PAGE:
The Frequency of Bursting vs. Knockouts Has Slowly Changed

Over time we’ve seen a slow decrease of bursting frequency in competitive play and an increase in knockout frequency.

I don’t have data to back this up, but anyone who’s been playing Burst for a few years knows that the release of Xtreme’ in 2018 and then Layer Bases like Judgment in 2019 boosted the viability of attack significantly while also literally lowering burst frequency through mechanical means (stronger springs in Dash Drivers, Cho-Z Valkyrie/Spriggan/Achilles burst stoppers, the rubber stopper on Judgment, etc).

We’ve finally reached the point for TAKARA-TOMY where–in the famous words of Hasbro–you could say “Bursting is rare”.

As a result, this implicitly places a greater value on burst finishes rather than knockouts because they are rarer. We’ve finally reached the point for TAKARA-TOMY where–in the famous words of Hasbro–you could say “Bursting is rare”.

Points Awarded Should Match Difficulty Obtaining Each Win Condition

The number of points awarded for a round win should be reflective of the difficulty in obtaining that win condition. I would argue that while there is difficulty involved in achieving a KO, it has been vastly reduced over the past year or so due to the above changes.

When Beyblade Burst was first released, I think we all felt it was strange for knockouts to be worth just one point when they were harder to achieve than burst finishes. But the roles have been switched now.

As a result, my opinion is that WBBA 3on3 Battle Format’s point system (1pt KO, 1pt OS, 2pt BF) is more suitable for the game now than it was when Beyblade Burst was first introduced.

Point Values in WBO Deck Format for Other Systems Already Exist

And given that we already have differing point values in WBO Deck Format for other Beyblade systems (MFB/HMS/PLA) to suit their characteristics, it would seem to me that it may be worthwhile to reduce KOs to 1 Point in WBO Deck Format for Burst.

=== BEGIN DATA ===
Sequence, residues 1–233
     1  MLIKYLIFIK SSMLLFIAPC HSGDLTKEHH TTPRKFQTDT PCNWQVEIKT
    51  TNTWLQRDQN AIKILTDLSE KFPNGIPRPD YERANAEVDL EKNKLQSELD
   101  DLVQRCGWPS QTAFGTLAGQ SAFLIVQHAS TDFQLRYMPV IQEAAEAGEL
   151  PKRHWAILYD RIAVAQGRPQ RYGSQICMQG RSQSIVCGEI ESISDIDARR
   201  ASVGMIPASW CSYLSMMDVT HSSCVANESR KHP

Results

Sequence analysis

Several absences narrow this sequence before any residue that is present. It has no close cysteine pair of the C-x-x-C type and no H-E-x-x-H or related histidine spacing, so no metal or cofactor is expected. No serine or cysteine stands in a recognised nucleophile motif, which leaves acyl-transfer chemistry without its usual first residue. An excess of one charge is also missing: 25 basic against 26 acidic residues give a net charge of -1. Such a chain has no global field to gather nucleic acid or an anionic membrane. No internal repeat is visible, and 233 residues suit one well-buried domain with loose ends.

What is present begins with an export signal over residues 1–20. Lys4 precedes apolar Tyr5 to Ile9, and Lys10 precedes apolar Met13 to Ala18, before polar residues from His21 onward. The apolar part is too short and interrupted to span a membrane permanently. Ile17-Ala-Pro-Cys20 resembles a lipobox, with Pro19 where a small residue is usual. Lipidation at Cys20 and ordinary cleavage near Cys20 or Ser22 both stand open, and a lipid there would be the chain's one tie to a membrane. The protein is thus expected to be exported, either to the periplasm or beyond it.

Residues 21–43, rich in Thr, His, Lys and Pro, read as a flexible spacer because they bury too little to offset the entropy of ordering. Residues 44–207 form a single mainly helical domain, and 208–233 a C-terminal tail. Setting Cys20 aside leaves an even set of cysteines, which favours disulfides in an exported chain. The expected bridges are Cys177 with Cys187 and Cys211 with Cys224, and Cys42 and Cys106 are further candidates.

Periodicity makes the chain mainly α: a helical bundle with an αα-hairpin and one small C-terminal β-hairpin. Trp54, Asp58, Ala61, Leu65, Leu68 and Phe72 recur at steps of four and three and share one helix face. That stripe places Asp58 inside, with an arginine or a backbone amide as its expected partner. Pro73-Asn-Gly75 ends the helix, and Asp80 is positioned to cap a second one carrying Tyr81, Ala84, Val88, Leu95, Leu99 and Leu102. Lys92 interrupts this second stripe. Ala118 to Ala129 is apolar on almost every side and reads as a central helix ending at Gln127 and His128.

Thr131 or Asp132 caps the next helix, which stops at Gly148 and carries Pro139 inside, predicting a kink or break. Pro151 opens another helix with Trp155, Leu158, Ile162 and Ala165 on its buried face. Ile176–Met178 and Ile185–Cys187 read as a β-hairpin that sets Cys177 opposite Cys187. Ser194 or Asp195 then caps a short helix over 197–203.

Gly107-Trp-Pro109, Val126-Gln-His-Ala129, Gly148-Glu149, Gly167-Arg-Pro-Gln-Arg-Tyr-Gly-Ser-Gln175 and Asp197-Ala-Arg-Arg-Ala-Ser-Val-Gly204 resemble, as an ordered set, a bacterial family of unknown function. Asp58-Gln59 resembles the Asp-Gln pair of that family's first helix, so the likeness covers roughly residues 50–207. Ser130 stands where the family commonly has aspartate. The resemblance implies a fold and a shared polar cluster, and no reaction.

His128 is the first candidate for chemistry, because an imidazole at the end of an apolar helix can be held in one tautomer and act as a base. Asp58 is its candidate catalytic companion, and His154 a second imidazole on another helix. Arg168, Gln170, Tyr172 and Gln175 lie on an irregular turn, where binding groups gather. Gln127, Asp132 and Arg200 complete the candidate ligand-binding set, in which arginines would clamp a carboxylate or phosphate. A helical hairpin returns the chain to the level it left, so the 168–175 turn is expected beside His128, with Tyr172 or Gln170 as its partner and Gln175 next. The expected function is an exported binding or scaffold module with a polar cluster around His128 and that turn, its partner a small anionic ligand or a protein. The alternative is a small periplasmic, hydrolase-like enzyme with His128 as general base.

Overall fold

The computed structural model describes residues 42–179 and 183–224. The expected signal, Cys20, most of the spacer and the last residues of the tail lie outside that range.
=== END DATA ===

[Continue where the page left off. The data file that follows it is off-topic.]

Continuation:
In my mind, having the option for a two-point play felt important for WBO Deck Format and obviously reducing KOs to one point reduces the opportunity for that to happen.

Are 1 Point KOs Beneficial for Attack Users in Beyblade Burst?

However, my feeling is that reducing KOs to one point may actually be beneficial to skilled attack type users because while they earn less for their KOs, they are granted more leeway by not having to worry about losing two points against their stamina-wielding opponent thanks to a poor launch or recoil.

One of the great things about WBO Deck Format is that as an attack type user, you are afforded the chance to fail a few times and still win the match.

It’s happened to me on multiple occasions that only on my second or third tries using my attack combination was I able to get into a rhythm and emerge victorious.

If you use your attack type early enough you’re afforded time to perfect your launch and adapt to your opponent’s launch technique.

Once you’ve entered that rhythm, I think that it wouldn’t matter that your KOs are worth only one point because as the attack type user you should be able to win consistently if you have your technique down.

This is already evident in formats like the WBO’s Metal Fight Limited Format where I’ve seen that the one point KO ruling doesn’t have an effect on the usage of attack types.

“Back Wall” Knockout Ruling

The KO ruling update introduced into WBO Burst Format back in September 2017 rule updates has risen to the top of my mind as of late as well.

It has also recently been a topic of discussion among members in the community as well.

The ruling essentially is that a Beyblade is considered knocked out as soon as it hits the back wall of the Burst BeyStadium Standard Type cover. Even if it comes back into the stadium, the round is already over.

When introduced, it felt like having the amount of KOs reduced thanks to a safety measure–the stadium cover–wasn’t fair.

It was introduced at a time when Beyblade Burst attack types were struggling.

The potency of attack types has increased dramatically since then, so it seems to me like it might not be needed anymore. When introduced, it felt like having the amount of KOs reduced thanks to a safety measure–the stadium cover–wasn’t fair.

We played without it during this tournament as would normally be done during an official WBBA event and while there were a few instances where it was to the benefit of the stamina or defence type, in general it did not seem to negatively impact the viability of attack types or players willingness to use them whatsoever.